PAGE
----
I'm only a couple of episodes in, but I'm really, really enjoying the Russian show "Silver Spoon". It's great practice for my listening comprehension, and I appreciate the complexity of the characters. Игорь manages to be funny and a little undignified without turning the whole show into a comedy or ruining the tension and suspense. I like it.
Please boost! This kind of opportunity to topple a near monopoly with FLOSS does not come often!
Are there other FLOSS #crowdfunding platforms?
Step 1 in recovering from exhaustion Show more
Drink a big glass of water, eat the healthiest realistic thing, and make sure your electrolytes aren't too out of whack. Then drink another glass of water.
Electrolyte depletion can make you feel super crappy. Replenishment tips:
POTASSIUM is abundant in tomatoes, potatoes, beans, bananas, orange juice, and most veggies. You need lots every day, 3500mg!
MAGNESIUM is found in nuts & seeds, beans, bananas, broccoli, & leafy greens.
"Rudolph the Red-Nosed Reindeer" is really a story about how harassers/abusers suddenly turn "nice" when they want something from you.
I once saw someone say that pixel art was the first truly masculine art form and to this day I carry my great grandmothers cross stitch sampler around with me so that in case I ever meet that person I can throw it at them
／＿ L (＿＿＿_／
I recently declined to apply for a team lead position for exactly this reason. The team is generally great, but their sheer *inertia* made me leave the Microsoft Ignite conference feeling depressed instead of inspired when I thought of bringing home the cool stuff I learned.
How do you move a team to deeply believe that things outside of programming are important? I want them to be as driven to learn ways to improve our deployment process as they were to learn the nuances of Entity Framework.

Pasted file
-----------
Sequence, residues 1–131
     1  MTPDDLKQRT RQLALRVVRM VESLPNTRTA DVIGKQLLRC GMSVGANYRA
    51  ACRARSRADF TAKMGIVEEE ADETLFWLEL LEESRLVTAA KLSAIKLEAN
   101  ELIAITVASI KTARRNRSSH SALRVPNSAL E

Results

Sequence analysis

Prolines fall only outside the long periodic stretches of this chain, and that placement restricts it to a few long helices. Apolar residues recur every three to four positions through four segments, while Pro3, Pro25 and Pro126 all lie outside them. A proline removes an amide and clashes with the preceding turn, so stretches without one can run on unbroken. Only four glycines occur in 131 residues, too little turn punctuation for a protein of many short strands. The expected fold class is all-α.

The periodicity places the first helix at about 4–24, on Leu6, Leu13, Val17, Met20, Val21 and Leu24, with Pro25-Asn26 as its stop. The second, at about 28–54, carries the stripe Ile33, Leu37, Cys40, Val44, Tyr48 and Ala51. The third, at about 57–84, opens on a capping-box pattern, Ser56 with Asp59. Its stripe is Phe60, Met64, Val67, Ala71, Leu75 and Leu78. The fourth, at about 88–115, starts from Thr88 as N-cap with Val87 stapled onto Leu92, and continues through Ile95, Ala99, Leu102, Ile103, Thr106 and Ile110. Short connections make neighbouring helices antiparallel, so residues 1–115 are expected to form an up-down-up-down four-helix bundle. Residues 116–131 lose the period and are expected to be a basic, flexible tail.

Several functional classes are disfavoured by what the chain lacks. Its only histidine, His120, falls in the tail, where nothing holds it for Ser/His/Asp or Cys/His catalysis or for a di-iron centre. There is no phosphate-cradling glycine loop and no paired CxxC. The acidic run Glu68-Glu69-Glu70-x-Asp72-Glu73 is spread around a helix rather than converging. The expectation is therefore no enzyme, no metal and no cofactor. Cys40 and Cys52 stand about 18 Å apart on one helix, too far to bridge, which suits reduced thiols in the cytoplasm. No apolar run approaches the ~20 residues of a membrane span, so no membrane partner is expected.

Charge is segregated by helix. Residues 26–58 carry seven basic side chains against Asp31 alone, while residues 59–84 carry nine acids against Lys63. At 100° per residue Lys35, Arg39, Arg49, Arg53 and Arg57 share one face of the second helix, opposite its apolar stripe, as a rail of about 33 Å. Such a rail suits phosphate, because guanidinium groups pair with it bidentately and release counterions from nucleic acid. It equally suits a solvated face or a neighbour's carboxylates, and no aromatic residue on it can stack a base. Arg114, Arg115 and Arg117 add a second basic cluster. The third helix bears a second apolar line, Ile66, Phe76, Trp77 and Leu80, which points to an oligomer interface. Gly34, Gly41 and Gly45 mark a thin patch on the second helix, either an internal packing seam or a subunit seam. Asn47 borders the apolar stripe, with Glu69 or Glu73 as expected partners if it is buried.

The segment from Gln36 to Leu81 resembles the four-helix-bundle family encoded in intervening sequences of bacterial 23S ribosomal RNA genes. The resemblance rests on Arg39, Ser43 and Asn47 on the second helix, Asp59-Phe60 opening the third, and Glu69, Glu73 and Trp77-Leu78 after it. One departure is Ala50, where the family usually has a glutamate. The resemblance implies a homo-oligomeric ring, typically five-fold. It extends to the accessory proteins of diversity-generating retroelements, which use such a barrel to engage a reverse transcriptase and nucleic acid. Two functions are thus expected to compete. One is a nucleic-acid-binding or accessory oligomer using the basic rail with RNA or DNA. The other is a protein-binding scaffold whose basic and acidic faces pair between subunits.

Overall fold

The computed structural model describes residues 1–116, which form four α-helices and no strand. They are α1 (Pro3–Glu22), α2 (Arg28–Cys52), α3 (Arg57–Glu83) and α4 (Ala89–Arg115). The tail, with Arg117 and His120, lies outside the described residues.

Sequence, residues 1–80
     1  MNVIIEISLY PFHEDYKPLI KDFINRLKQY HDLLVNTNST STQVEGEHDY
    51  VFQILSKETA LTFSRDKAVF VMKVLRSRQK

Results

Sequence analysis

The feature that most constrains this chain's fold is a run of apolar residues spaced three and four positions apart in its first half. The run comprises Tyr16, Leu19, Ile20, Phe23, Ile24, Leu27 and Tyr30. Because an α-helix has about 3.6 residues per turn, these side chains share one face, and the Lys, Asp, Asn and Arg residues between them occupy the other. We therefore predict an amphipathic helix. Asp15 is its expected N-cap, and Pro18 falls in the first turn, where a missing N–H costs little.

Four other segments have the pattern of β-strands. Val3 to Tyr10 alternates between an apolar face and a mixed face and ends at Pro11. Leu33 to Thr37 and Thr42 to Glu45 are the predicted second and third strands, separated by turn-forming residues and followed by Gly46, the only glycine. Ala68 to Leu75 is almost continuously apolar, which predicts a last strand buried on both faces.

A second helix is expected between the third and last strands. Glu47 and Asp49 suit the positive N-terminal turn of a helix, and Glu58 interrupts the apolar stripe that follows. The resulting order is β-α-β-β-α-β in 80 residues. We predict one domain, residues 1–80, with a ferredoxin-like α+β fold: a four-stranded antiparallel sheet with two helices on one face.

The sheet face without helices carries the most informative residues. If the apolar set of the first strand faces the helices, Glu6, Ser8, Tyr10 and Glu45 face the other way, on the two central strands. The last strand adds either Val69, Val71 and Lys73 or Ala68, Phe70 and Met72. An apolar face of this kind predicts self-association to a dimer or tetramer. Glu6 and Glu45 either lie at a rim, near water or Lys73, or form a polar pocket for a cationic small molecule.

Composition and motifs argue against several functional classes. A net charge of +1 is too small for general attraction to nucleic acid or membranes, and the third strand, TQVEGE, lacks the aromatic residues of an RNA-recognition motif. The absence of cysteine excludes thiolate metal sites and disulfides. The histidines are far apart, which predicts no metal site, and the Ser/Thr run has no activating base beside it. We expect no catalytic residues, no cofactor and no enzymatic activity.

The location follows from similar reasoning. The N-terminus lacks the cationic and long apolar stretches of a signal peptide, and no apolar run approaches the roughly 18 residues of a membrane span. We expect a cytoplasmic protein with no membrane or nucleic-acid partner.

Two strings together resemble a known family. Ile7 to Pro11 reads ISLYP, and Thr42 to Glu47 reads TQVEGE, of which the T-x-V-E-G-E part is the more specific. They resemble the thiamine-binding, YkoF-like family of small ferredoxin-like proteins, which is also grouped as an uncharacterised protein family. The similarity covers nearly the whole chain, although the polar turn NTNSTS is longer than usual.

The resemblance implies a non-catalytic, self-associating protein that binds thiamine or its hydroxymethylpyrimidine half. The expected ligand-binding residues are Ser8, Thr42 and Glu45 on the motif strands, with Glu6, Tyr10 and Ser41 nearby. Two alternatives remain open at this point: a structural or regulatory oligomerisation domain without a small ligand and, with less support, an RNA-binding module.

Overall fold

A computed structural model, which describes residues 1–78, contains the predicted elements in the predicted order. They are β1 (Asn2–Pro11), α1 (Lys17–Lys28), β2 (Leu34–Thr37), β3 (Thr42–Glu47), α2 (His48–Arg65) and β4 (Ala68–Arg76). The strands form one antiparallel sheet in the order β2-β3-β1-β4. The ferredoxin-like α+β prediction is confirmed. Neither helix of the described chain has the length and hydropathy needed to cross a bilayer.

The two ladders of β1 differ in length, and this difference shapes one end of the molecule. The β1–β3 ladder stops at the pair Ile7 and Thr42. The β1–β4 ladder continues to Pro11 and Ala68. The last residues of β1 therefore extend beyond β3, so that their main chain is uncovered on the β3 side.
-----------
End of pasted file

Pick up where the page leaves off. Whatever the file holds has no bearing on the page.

I am *undoubtedly* not the best tech advocate, even though I keep trying. These arguments are the important part of an advocate's work and yet can be infuriating to me. It brings me the closest I get to judging people as "lazy", which is both cruel and inaccurate.
I think the real work might be in raising a team's baseline tolerance for learning/changing with tools being the mechanism for that. Train the team, get helpful tools in place by happenstance.
I don't know how to do that, tho.
And yet, to build tools that might fit a team's needs so perfectly is judged not worth the time and is recognized to be too niche -- what if the team's processes change down the road, after all?
There's a consistently strong resistance specifically around learning tools. Tools should, apparently, slot right into the spot where there's a problem and fit seamlessly into the ecosystem people are already using (e.g., Visual Studio) and require only a few mouse clicks to work.
All "what if" and "how does this relate to" questions should be completely answerable before inviting usage and the answers should be simple and require no additional tools or change.
Sounds nice, right?
I think one of the hardest parts of my role at various jobs as a tech advocate is convincing people that not every tool or best practice will or should be simple.
If you want to leverage the cooler powers of git, you're going to have to leave Visual Studio's Team Explorer and learn some command line flags. If you want amazing chatops, you have to acclimate to a team chat tool, then build and iterate on chatops. If you want good baseline accessibility, you'll have to remember to add some markup.
Catching up on almost seven weeks of missed gardening is tiring! (@gregoryaveryweir did a bit of weeding and helped bring in my zone 8+ plants in that time, though) 😩
I'm extra-thrilled that I'm growing pretty tough plants -- nothing died in the neglect, and I got to split up some adorbs rosemary babies. The thing that's suffered the most is this weird tree: http://www.monrovia.com/plant-catalog/plants/3728/highlights-arborvitae/. I had to cut away some dead branches at the bottom. Not bad.
Turns out I'm just as quiet on Mastodon as I am elsewhere on social media.